Activision Blizzard sued by California over “pervasive frat boy culture”

Andrew Amos
Activision Blizzard lawsuit sexual harassment californiaActivision Blizzard

Activision Blizzard, the giants behind titles like Call of Duty, Overwatch, and World of Warcraft, are being sued for fostering a “frat boy” culture where women in the workplace are sexually harassed and are given unequal pay.

The lawsuit, filed by the California Department of Fair Employment and Housing (DFEH), comes after a two-year investigation into the gaming giants.

DFEH’s report into Activision Blizzard claimed working for the company “was akin to working in a frat house, which invariably involved male employees drinking and subjecting female employees to sexual harassment with no repercussion”.

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“In the office, women are subjected to ‘cube crawls’ in which male employees drink copious amounts of alcohol as they ‘crawl’ their way through various cubicles in the office and often engage in inappropriate behavior toward female employees,” it said.

“Male employees proudly come into work hungover, play video games for long periods of time during work while delegating their responsibilities to female employees, engage in banter about their sexual encounters, talk openly about female bodies, and joke about rape.”

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Blizzard officeBlizzard Entertainment
The lawsuit alleges Activision Blizzard treated women in the workplace worse than their male counterparts.

One example outlined how a woman committed suicide on a work trip after her male supervisor “brought butt plugs and lubricant with him”.

“At a holiday party before her death, male coworkers were alleged to be passing around a picture of the deceased’s vagina,” it said.

The lawsuit also names former Senior Creative Director of World of Warcraft, Alex Afrasiabi. The legal document alleges Afrasiabi was “permitted to engage in blatant sexual harassment with little to no repercussions”.

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“Afrasiabi was so known to engage in harassment of females that his suite was nicknamed the Crosby Suite [sic] after alleged rapist Bill Crosby,” the lawsuit said. Afrasiabi left Blizzard in June 2020.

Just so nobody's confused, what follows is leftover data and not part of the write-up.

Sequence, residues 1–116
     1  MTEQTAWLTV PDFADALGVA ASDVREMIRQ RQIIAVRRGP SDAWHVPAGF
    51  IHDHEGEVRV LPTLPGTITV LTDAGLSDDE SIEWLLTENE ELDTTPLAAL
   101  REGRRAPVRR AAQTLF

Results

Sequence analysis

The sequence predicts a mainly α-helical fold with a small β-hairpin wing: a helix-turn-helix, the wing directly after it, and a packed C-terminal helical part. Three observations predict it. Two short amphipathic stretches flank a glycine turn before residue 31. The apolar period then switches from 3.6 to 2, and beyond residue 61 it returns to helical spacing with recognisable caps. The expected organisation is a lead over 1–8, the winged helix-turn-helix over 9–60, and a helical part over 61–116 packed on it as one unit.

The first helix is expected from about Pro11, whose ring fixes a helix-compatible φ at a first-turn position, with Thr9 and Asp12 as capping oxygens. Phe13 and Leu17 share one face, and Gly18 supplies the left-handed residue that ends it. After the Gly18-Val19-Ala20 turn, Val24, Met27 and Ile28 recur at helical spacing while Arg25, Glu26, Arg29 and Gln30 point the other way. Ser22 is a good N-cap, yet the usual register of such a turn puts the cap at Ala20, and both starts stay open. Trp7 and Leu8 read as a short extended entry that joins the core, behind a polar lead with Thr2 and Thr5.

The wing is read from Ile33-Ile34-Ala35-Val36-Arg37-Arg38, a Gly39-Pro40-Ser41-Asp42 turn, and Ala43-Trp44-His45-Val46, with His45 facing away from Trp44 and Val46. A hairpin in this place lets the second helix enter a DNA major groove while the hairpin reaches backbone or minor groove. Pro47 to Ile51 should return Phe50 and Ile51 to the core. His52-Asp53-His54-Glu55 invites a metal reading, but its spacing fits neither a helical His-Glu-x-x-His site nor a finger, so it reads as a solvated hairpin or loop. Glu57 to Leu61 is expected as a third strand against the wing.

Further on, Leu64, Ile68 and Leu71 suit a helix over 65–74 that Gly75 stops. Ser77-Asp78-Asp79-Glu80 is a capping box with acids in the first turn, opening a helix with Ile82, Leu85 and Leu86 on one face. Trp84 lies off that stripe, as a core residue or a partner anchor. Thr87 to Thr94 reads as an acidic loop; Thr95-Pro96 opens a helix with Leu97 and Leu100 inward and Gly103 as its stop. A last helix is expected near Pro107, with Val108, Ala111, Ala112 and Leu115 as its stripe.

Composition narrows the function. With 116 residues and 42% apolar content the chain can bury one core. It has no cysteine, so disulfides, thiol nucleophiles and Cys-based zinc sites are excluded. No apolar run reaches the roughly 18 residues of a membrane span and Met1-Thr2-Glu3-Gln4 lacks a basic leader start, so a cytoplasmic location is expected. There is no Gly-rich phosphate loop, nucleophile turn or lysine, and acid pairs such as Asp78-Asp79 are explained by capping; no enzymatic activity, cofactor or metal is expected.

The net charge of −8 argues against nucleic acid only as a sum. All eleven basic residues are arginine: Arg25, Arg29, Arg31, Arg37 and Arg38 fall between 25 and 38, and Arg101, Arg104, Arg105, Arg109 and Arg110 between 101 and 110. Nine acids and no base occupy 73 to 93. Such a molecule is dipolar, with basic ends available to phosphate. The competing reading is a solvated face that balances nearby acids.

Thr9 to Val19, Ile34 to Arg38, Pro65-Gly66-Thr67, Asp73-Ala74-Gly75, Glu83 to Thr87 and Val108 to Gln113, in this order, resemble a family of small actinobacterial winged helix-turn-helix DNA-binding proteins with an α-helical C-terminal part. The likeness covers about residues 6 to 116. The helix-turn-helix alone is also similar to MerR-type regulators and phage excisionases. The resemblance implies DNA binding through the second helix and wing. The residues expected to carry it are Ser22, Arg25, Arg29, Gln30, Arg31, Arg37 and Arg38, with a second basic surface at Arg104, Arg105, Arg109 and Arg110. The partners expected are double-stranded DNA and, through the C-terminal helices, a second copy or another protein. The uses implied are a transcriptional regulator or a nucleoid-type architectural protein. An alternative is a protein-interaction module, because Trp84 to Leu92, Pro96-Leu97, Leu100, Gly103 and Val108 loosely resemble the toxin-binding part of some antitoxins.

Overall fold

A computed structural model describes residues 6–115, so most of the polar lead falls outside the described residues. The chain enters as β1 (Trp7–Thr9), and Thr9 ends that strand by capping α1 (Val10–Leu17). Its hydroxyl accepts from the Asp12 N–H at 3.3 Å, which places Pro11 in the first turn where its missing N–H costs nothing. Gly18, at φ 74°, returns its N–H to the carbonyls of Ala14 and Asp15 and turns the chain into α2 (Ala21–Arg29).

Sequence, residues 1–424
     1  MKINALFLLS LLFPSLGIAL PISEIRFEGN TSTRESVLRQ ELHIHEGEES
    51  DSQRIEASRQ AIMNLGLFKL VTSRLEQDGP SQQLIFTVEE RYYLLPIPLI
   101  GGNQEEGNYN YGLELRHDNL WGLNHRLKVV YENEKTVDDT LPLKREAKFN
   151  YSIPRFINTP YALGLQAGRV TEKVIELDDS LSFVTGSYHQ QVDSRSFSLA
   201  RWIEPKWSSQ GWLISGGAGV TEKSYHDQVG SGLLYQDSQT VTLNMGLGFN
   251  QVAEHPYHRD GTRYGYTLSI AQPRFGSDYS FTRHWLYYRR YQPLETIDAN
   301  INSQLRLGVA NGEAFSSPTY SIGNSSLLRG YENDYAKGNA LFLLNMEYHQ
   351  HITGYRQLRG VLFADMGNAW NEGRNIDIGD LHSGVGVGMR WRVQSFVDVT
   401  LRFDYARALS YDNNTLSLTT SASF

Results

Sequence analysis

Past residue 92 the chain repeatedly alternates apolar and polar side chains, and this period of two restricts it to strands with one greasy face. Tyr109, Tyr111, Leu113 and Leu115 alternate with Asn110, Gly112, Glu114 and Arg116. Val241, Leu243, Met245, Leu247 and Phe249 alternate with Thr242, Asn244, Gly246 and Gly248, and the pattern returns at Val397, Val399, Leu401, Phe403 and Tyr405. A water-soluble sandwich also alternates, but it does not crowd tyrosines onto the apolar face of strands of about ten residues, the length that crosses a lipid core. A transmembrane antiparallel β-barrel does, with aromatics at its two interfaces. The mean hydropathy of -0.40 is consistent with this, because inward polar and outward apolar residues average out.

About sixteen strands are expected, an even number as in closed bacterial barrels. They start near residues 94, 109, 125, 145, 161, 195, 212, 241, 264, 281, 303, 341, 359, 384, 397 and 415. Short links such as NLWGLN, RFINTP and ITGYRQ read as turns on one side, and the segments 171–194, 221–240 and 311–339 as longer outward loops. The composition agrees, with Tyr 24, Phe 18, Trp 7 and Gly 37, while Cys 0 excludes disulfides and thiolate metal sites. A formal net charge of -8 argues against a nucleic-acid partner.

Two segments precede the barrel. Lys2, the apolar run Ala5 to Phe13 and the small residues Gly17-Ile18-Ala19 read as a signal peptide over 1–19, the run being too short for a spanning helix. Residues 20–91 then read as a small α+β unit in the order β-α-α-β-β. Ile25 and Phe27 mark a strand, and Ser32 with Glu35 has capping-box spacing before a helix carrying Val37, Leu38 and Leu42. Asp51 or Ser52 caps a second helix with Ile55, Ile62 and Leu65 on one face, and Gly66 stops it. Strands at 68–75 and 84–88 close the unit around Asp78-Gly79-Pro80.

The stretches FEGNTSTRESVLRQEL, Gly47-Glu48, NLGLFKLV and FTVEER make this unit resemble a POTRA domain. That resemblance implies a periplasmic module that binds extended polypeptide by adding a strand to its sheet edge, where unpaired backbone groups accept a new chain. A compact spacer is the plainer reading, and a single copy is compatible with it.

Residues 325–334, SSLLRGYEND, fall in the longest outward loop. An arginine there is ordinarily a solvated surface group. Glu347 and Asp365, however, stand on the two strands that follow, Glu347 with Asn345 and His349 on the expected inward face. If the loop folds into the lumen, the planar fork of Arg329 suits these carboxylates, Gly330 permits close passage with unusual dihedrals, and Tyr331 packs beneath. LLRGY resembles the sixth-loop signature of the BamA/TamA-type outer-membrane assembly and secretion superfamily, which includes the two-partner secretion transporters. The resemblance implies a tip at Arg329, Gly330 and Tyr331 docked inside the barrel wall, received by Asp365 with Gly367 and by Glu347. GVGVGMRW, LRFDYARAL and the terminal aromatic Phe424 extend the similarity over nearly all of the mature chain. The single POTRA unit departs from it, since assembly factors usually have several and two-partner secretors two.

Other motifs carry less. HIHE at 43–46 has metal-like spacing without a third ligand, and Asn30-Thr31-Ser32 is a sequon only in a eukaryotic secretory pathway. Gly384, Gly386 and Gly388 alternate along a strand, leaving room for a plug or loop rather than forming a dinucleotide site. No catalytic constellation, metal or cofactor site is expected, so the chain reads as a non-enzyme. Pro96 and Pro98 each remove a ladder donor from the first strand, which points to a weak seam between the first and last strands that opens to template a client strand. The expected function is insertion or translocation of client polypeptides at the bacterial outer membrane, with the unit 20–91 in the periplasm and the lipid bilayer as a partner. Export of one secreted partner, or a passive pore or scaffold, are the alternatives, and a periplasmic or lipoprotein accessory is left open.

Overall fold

Women make up 20% of Activision Blizzard’s workforce according to the report, but face challenges in breaking into the company’s hierarchy.

“Activision Blizzard’s double-digit percentage growth, ten-figure annual revenues, and recent diversity marketing campaigns have unfortunately changed little,” the department alleged in their filing.

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“Very few women ever reach top roles at the company. The women who do reach higher roles earn less salary, incentive pay and total compensation than their male peers.”

Call of Duty Warzone squadRaven Software/Activision
Activision Blizzard is behind major titles like Call of Duty, Warzone, World of Warcraft, and Overwatch.

The lawsuit cited several instances of women being denied promotions over male counterparts, despite having more credentials, experience, and time in their role.

It also outlined examples of women being offered lower base pay and less stock rewards for their work. Male employees were also cited as having delegated tasks to women so they could instead play games on the job.

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Women of color were disproportionately affected.

Activision Blizzard have released a statement since the lawsuit being filed, claiming the DFEH report “includes distorted, and in many cases false, descriptions of Blizzard’s past.”

“Over the past several years and continuing since the initial investigation started, we’ve made significant changes to address company culture and reflect more diversity within our leadership teams.”

The Activision Blizzard lawsuit is similar to claims filed against other gaming giants Riot Games and Ubisoft.

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The makers of League of Legends originally agreed on a $10 million settlement to as many as 1,000 employees after a class-action lawsuit was filed in 2018. It alleged that Riot had facilitated a “bro culture” that led to the harassment of women in the workplace.

A third-party investigation cleared CEO Nicolo Laurent of any wrongdoing in 2021 after the company forced the case into arbitration.

Ubisoft were put under the spotlight in 2020 after executives at the company were investigated for sexual harassment.

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A new lawsuit was filed in France just a week ago by the Solidaires Informatique union, claiming CEO Yves Guillemot enabled “institutional sexual harassment” at the company.

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About The Author

Hailing from Perth, Andrew was formerly Dexerto's Australian Managing Editor. They love telling stories across all games and esports, but they have a soft spot for League of Legends and Rainbow Six. Oh, and they're also fascinated by the rise of VTubers.